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On August 28, 2020, Grammy-winning blues icon Bobby Rush will release Rawer Than Raw, a stripped down, acoustic tribute to the rich blues history of Mississippi featuring songs from a handful of blues greats from his adopted home state.
The record, on the 86-year-old’s own Deep Rush Records label in partnership with Thirty Tigers, is a follow-up to Rush’s Grammy-nominated 2019 album Sitting on Top of the Blues, and his first project since his acclaimed cameo in last year’s Golden Globe-nominated Eddie Murphy film hit Dolemite Is My Name.
Partly inspired by the popular series of intimate solo concerts Rush has made a mainstay of his concert calendar in the years since his first all-acoustic album (titled Raw), Rawer Than Raw casts a spotlight on five Mississippi Blues Hall of Famers: early acoustic blues greats Skip James and Robert Johnson, and Rush’s contemporaries on the music scene of the ’50s and ’60s,Howlin’ Wolf, Sonny Boy Williamson II, and Muddy Waters. The record features a half dozen covers of some of their best-known songs rendered in Rush’s own inimitable, acoustic style, characterized by wailing harmonica and a stomping foot to keep the rhythm. There are also five Rush originals — “Down in Mississippi,” “Let Me in Your House,” “Sometimes I Wonder,” “Let’s Make Love Again,” and “Garbage Man,” all credited under his given name, Emmett Ellis, Jr. — whose country vibe matches the songs that inspired the album.
“Although I was born in Louisiana, I’m proud to call Mississippi home,” says Rush, who moved to Jackson, Mississippi, in the 1980s and traces his family connections to the Magnolia State back to his great grandparents. “I’m saluting Mississippi guys because they, to me, stayed truest to their roots. If you want to get the real deal of the blues, get it from the bluesmen who are from Mississippi. Whether they migrated somewhere else like Chicago or Beverly Hills, if they are from Mississippi you can hear the deep roots of Mississippi in their stories.”
Long considered one of the blues’ preeminent raconteurs, Rush has always placed a premium on stories in his music. In the ’70s, ’80s, and ’90s, his risqué, humor-filled chitlin’ circuit shows often featured long, drawn out narratives of romantic misadventures.
In the new century, as he made a bid for mainstream acceptance as one of the blues’ last connections to its golden age past, Rush began to tell different stories. His tale-spinning of a life spent playing 200-plus shows a year, and appearances in documentaries like “The Road to Memphis” episode of Martin Scorsese’s The Blues (2003), and Take Me to the River ( 2014), helped catapult his late-career star. Also in 2014, Bobby joined Dan Aykroyd on The Tonight Show Starring Jimmy Fallon to perform two songs, marking his first late-night television appearance.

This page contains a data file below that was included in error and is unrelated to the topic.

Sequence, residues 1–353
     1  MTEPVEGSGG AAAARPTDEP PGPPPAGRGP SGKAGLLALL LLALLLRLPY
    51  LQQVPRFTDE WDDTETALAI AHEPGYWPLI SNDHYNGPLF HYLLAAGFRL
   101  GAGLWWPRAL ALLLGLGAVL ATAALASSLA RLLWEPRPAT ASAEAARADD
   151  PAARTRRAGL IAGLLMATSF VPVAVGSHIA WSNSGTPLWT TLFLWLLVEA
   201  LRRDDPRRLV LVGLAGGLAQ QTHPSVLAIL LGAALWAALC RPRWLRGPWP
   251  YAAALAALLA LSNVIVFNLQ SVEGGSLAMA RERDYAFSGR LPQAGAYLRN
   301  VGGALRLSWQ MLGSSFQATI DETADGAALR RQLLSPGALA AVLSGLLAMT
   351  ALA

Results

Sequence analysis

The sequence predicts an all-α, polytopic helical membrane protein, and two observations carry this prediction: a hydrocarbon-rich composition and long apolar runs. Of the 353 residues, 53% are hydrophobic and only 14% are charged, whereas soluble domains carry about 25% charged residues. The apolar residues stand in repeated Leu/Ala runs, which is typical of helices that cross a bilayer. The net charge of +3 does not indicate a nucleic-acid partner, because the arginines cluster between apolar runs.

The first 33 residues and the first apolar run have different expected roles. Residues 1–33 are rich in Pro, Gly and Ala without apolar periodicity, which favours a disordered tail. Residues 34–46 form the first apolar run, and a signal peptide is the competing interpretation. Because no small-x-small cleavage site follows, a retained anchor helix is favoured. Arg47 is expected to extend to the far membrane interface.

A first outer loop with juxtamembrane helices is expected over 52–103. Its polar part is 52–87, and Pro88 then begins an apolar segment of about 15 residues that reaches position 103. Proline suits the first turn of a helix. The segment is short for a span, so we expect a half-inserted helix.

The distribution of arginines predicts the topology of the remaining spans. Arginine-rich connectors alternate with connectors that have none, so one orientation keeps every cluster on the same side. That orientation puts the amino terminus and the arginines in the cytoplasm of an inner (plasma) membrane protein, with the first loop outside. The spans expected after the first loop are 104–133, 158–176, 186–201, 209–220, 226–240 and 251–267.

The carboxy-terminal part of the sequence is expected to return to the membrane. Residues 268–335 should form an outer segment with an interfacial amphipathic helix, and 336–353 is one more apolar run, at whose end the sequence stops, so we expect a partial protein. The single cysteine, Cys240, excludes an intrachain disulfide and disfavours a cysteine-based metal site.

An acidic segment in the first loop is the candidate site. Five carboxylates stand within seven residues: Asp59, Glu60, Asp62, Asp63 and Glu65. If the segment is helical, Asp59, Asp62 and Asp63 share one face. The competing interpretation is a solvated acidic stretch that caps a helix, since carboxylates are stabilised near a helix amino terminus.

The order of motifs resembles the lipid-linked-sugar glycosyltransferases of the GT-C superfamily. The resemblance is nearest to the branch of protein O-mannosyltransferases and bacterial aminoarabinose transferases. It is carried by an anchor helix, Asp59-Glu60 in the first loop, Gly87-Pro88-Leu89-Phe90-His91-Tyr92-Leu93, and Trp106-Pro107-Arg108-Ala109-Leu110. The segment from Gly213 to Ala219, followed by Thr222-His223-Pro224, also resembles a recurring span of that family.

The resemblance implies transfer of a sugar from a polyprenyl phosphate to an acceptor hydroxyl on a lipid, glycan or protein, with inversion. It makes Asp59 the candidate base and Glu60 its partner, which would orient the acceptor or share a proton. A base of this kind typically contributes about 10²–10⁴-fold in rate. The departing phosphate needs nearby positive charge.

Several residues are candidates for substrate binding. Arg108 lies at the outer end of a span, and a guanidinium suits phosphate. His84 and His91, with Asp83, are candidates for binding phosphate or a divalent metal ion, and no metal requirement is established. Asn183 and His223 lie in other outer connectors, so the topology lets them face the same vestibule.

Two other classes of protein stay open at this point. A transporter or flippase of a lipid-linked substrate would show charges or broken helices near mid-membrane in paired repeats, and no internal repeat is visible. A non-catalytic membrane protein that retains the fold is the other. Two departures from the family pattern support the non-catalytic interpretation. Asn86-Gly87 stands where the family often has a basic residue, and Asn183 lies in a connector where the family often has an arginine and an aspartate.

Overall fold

At the same time, Rush began to tell different stories on record. In 2001, he earned his first Grammy nomination for Best Contemporary Blues Album for Hoochie Man. In the years since he has been nominated for Grammys four more times, including last year for Sitting on Top of the Blues, to go along with 51 Blues Music Award nominations and 13 wins. Rush won his first Grammy in 2017 for Best Traditional Blues Album for the Rounder Records/Concord Music release Porcupine Meat, produced by Scott Billington.
Rawer Than Raw is a spiritual sequel to Rush’s 2007 all-original album Raw. That album was Rush’s first acoustic effort and proved a gamechanger for him, showcasing a different artistic side and exposing him to new audiences. It also inspired the creation of a companion acoustic show, Bobby Rush: An Intimate Evening of Stories and Songs, that remains a popular draw today.
True to its name, Rawer Than Raw was made simply with performances recorded as unadorned as possible, just Rush’s voice, guitar, harmonica, and feet. The album was recorded in Jackson over the span of several years with engineer and executive producer Randy Everett, himself a Mississippi native. The two focused on some of Rush’s favorite artists, selecting songs that were not only representative of them but that also fit with Rush’s own inimitable acoustic style.
“I could have done so many more people, but you can only put 10, 11 songs on a CD,” says Rush, who has hinted at plans to honor other artists in a similar way, perhaps focusing on performers from the other Southern states where he has lived, Arkansas and Louisiana. “This doesn’t mean these are the only people that I love or respect.”
With every selection, Rush found himself covering artists to whom he had a strong personal connection.